Extracellular proteinases are critical regulators of cell function. It has long been recognised that the serine proteinases of the plasminogen activator (PA)-plasmin network and the Zn-dependent matrix metalloproteinases (MMPs) conspire via interlocked activation cascades in the control of degradation of the extracellular matrix (ECM). Through their effects on ECM integrity and metabolism, these cellular proteinases are mediators of the cell-cell and cell-ECM interactions that regulate morphogenesis, differentiation, proliferation and apoptosis. Moreover, in various human diseases, including cancer, arthritis and cardiovascular disease, loss of control of extracellular proteolysis is causally linked with pathological events. Proteolysis of the ECM provides the mechanism for cell invasion during metastasis and angiogenesis, as well as acting as a trigger for apoptosis of differentiated epithelial cells. But there are also more subtle actions of proteinases in the extracellular milieu, including the generation of bioactive fragments of matrix that influence cell motility or suppress angiogenesis. Also, initiation of cell signalling can occur through proteolytic mobilisation of ECM- and cell-associated growth factors (GFs), and cleavage of GF-binding proteins can modulate factor bioavailability. In addition, proteases can dramatically change the functions of extracellular signalling ligands, an example being MMP-mediated cleavage of the chemokine MCP-3 (monocyte chemoattractant protein-3) that generates an antagonist of several chemokine receptors, thus potentially suppressing inflammatory responses. In the PA system, binding of PAs to cell surface receptors such as the urokinase PA receptor (uPAR) can both directly activate cell signalling pathways and modulate cell adhesion. There is also evidence that the Tissue Inhibitors of Metalloproteinases (TIMPs), whose primary recognised role is to limit the function of the MMPs, can act directly on cells to stimulate cell growth and apoptosis.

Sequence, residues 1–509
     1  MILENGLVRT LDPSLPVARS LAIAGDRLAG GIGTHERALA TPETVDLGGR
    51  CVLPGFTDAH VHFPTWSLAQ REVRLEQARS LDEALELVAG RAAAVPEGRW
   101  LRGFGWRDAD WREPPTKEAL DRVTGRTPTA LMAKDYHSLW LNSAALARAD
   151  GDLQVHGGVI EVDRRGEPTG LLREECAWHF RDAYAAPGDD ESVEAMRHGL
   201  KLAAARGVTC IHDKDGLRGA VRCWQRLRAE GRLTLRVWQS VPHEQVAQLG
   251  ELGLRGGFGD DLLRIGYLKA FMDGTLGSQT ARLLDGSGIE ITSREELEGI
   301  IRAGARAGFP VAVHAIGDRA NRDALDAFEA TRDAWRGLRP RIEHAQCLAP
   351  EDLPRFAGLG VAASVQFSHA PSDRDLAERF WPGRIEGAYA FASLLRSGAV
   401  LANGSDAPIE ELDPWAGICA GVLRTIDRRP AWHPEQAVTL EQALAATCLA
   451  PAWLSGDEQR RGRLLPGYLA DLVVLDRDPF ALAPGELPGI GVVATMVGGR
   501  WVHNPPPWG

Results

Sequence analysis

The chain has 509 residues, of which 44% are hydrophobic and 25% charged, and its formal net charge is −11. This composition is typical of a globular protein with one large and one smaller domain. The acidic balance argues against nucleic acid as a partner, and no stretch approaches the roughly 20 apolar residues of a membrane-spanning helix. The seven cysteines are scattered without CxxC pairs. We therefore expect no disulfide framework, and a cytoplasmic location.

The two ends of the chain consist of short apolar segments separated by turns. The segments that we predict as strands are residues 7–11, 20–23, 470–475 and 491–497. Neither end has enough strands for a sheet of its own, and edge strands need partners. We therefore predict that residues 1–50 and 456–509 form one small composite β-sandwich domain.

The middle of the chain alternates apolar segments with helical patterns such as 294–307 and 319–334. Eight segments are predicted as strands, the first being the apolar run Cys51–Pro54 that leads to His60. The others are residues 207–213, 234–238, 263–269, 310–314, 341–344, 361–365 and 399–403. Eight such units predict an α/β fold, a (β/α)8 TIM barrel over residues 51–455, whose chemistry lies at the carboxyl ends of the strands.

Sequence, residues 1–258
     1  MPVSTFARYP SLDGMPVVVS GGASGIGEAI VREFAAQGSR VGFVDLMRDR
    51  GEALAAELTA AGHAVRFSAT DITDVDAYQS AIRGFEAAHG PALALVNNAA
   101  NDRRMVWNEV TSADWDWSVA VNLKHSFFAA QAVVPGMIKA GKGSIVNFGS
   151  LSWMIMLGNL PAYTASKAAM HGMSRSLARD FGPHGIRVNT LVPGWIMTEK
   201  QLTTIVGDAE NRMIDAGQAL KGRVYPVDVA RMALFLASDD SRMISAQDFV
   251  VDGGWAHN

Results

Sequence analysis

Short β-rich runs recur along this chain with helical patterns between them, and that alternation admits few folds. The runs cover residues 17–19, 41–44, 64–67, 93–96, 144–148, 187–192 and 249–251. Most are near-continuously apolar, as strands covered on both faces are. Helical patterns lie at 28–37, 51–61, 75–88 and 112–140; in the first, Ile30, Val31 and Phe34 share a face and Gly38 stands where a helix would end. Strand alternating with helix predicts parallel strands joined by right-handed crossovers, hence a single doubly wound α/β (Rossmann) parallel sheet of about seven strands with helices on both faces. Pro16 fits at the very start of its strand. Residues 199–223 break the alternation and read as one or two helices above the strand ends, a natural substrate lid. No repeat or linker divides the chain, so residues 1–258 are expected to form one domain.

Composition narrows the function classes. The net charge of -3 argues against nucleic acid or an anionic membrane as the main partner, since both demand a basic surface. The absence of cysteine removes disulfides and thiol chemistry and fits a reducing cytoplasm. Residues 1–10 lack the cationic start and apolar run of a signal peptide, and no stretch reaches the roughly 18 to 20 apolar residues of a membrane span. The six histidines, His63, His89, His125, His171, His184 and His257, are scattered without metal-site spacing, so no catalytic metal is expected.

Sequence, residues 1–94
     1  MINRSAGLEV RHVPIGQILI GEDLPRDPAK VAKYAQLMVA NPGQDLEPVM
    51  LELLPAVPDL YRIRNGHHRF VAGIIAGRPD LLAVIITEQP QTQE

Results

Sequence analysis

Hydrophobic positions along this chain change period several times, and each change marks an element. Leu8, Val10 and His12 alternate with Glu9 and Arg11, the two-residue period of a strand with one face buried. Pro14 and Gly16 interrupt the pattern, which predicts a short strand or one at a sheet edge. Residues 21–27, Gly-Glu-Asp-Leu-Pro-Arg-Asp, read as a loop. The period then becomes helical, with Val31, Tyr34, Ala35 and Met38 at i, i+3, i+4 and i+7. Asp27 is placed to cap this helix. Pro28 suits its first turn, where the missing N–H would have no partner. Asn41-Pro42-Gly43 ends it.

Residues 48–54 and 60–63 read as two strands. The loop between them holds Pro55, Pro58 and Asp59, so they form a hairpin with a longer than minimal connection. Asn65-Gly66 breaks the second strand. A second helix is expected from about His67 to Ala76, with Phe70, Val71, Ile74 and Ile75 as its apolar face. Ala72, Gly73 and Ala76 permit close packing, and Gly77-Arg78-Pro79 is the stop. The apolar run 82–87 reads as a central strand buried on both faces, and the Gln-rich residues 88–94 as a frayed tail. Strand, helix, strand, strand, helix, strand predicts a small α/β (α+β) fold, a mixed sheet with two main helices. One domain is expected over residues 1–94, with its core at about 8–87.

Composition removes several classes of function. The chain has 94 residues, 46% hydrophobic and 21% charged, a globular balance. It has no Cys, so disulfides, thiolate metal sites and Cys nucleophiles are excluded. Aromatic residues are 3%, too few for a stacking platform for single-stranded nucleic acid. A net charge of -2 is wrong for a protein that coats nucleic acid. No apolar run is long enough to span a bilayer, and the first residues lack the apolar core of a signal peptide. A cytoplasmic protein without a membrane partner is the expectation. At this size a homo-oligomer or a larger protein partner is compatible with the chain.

We are only beginning to understand the biological functions of the cellular proteinases and their inhibitors, but this knowledge is essential for the rational development of pharmacologic agents for intervention in numerous diseases. This issue is highlighted by experience with the first generation synthetic metalloproteinase inhibitors (MPIs) such as British Biotech’s marimastat. These compounds have drawn attention to other classes of susceptible metalloproteinase, notably the mammalian adamalysins (ADAMs, a disintegrin and metalloproteinase) which have biological roles that likely encompass cellular recognition and direct engagement of the intracellular signalling machinery, as well as processing of cell membrane receptors, cytokine precursors and other components. The inadvertent inhibition of ADAMs and related adamalysin-thrombospondin (ADAMTS) proteinases as well as MMPs may mitigate the therapeutic effectiveness of the MPIs, contributing to the disappointing performance of the inhibitors in phase III cancer trials. We are aware of 23 human MMPs, 28 ADAMs and 19 ADAMTSs. A recently identified family of transmebrane serine proteinases appear likely to have both important functions in regulating the activity of the PA system and processing functions similar to the ADAMs.

The philosophy of the Cellular Protease Group at UEA is that we need to understand in detail the precise physiological and pathological roles of the enzymes that comprise the DEGRADOME – the repertoire of proteases elaborated by cells and tissues – as a prelude to the development of the next generations of therapeutic agents.